Language & Grammar discussion

47 views
Grammar Central > Expressions that you love

Comments Showing 1-24 of 24 (24 new)    post a comment »
dateDown arrow    newest »

message 1: by Stephen (new)

Stephen (havan) | 1023 comments There is already a thread here about expressions that we wish would just go away. I think it's only fair to have a positive thread as well.

There are certain expressions that I've heard as an adult that I've just loved, usually for no good reason.

One of my favoriets is when something has been misplaced - it's gone walkies. I know its British but then...


message 2: by Susan (last edited Jun 29, 2011 03:13PM) (new)

Susan Although I'm English, I always say 'Its gone walkabout'.
Probably just a regional variation.
I think I prefer 'walkies'!


message 3: by Ken (new)

Ken | 18313 comments Mod
We say "gone AWOL" or, in the case of single missing socks, "ran for the border."


message 4: by Carol (new)

Carol | 10390 comments Ran for the border is Taco Bell . hee hee


message 5: by Stephen (new)

Stephen (havan) | 1023 comments A lot of these sayings have regional variants... I grew up thinking that the house diagonally across the street was kitty-corner from me and that Coke was just the best pop. Only when I moved to Manhattan did I learn that it was really Catty-Corner and Soda.


message 6: by Debbie, sardonic princess of cheerfulness (new)

Debbie (sardonicprincessofcheerfulness) | 6387 comments Mod
My favourite 'expression' when surprised and amazed is "Farting angels!!"


message 7: by Ruth (new)

Ruth | 15767 comments Mod
Love it!


message 8: by Ken (new)

Ken | 18313 comments Mod
Haven't heard that one! No doubt it doesn't stink (or if it does, it stinks of harp dust).

When I'm surprised and in polite company (a rarity, as most people around me are impolite), I say, Sacre bleu! which is French for "Holy Jerry Lewis!"


message 9: by Debbie, sardonic princess of cheerfulness (new)

Debbie (sardonicprincessofcheerfulness) | 6387 comments Mod
I'll be farted?!! Like my one better ;-p


message 10: by Ken (new)

Ken | 18313 comments Mod
The power of the letter "F." Amazing it's in 6th place in the alphabet.


message 11: by Genine (last edited Jul 29, 2011 06:36AM) (new)

Genine Franklin-Clark (suz83yq) Just finished watching the Australian soap opera (224 episodes!) and am very taken with the use of the word "stuffed" in place of our "f**ked".


message 12: by Debbie, sardonic princess of cheerfulness (new)

Debbie (sardonicprincessofcheerfulness) | 6387 comments Mod
Hahaha! Must have been Neighbours or Home and Away!


message 13: by Stephen (last edited Aug 12, 2011 04:05PM) (new)

Stephen (havan) | 1023 comments OK all. I want to know and my google searches haven't really turned up a satisfactory answer.

There's an expression "I've seen the elephant" and its occasionally cited as He's seen the elephant and heard the hooty owl.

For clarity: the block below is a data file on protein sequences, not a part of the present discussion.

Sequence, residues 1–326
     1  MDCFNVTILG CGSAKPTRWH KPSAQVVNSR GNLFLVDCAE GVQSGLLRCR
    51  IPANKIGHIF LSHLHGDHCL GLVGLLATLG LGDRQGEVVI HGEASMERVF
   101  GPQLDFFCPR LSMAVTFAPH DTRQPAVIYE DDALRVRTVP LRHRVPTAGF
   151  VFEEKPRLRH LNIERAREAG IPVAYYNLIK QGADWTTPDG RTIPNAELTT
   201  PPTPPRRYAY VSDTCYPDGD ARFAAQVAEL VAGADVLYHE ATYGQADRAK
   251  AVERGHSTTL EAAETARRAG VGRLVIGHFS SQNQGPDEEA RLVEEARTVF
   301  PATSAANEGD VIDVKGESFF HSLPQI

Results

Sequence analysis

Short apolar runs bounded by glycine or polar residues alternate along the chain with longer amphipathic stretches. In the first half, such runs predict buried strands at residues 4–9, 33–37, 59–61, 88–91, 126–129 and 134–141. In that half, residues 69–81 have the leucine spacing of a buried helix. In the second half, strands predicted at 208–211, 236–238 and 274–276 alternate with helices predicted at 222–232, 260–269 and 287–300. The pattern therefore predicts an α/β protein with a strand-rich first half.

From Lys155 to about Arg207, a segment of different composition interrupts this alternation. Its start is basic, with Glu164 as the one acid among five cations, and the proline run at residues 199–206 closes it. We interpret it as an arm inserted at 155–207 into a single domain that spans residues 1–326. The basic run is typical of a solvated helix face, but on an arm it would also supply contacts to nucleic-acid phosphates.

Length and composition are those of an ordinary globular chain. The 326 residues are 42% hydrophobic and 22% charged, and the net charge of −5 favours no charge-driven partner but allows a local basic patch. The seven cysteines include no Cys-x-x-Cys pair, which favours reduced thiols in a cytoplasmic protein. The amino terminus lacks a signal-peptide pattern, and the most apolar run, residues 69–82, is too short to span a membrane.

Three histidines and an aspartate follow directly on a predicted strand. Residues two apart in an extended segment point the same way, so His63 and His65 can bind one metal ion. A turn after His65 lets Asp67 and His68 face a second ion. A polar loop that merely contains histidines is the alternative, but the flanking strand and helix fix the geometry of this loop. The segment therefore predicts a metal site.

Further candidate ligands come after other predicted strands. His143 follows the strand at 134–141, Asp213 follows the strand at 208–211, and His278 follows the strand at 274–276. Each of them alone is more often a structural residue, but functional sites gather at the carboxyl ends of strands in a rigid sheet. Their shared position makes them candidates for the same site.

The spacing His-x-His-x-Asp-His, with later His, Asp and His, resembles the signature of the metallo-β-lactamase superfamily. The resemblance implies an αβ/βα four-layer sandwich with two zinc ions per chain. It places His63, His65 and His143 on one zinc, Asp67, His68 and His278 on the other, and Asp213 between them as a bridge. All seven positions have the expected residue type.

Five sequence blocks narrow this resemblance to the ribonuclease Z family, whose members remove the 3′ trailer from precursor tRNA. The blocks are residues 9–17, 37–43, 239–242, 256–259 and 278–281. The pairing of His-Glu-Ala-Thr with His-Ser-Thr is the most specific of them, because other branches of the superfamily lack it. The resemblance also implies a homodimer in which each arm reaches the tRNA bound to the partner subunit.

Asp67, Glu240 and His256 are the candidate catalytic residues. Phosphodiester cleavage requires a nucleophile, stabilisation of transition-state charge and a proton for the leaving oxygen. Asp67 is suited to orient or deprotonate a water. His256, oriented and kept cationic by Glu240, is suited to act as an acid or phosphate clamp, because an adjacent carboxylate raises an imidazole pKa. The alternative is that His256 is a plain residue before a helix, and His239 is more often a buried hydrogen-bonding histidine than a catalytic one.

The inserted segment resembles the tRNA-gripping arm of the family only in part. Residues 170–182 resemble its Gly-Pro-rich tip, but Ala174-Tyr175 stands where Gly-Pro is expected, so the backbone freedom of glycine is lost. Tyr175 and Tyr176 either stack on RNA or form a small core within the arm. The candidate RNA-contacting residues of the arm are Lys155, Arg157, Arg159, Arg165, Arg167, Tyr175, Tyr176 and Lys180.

It seems to have originated in New England and has at least the elephant part has been in common usage since the civil war. (I've heard it quoted from letters home from Yankee soldiers)

The hooty owl part has me thrown though... I know that there's an American indian legend that hearing an owl call you is fortelling your death. Is that related?

In my search I even came across a variation suggesting that the full quote was "He's seen the elephant and heard the hooty owl. He's been to the other side of the mountain and heard the eagle scream"

Can anyone shed some light on these? Are they just all separate variations on the idea of having become somehow world weary or fey?

I recently came across The Seen the Elephant, Heard the Hooty Owl variant of this again in Good Times, Bad Times so I know I'm not just making this up.


message 14: by Ken (new)

Ken | 18313 comments Mod
Shoot. I'm about as New England as you get (born & bred) and I've never seen this elephant you speak of. Is he the same elephant who's in the room but no one talks about him?

As for hoot owls signifying death, that's in Twain... Huck Finn or Tom Sawyer or both. That and the howling of a dog at night (bad juju, that). Means someone's gonna die. (Pretty stupid when you consider we're ALL gonna die.)


message 15: by [deleted user] (new)

Newengland wrote: "We say "gone AWOL" or, in the case of single missing socks, "ran for the border.""

for those who don't know...
AWOL = Absent WithOut Leave
(originally a military term)


message 16: by [deleted user] (new)

when I was a kid my friend used to have rhyming phrases such as -

know what I mean, jelly bean? or -
okie dokie, artichokie!


message 17: by Stephen (new)

Stephen (havan) | 1023 comments Michele wrote: "Newengland wrote: "We say "gone AWOL" or, in the case of single missing socks, "ran for the border."""

I've always liked the UK term "gone walkies" for things that have appeared to have walked away on their own.. it's particularly apt for socks.


message 18: by Hayes (new)

Hayes (hayes13) An uncle used to say "Balz...ac!" when he was angry about something. I've always loved that.


message 19: by Ken (new)

Ken | 18313 comments Mod
We say "Holy Shiite!" just to show off our religious acumen when angry.


message 20: by Joanne (new)

Joanne (bonfiggi) I like "Merciful Jaybird."


message 21: by Ruth (new)

Ruth | 15767 comments Mod
Joanne wrote: "I like "Merciful Jaybird.""

OOh. I like that. I think I'll adopt it.


message 22: by Ken (new)

Ken | 18313 comments Mod
Aw... a foster mom!


message 23: by Ruth (new)

Ruth | 15767 comments Mod
Newengland wrote: "Aw... a foster mom!"

To a jaybird, no less.


message 24: by Ken (new)

Ken | 18313 comments Mod
It's respectable, as birds go.


back to top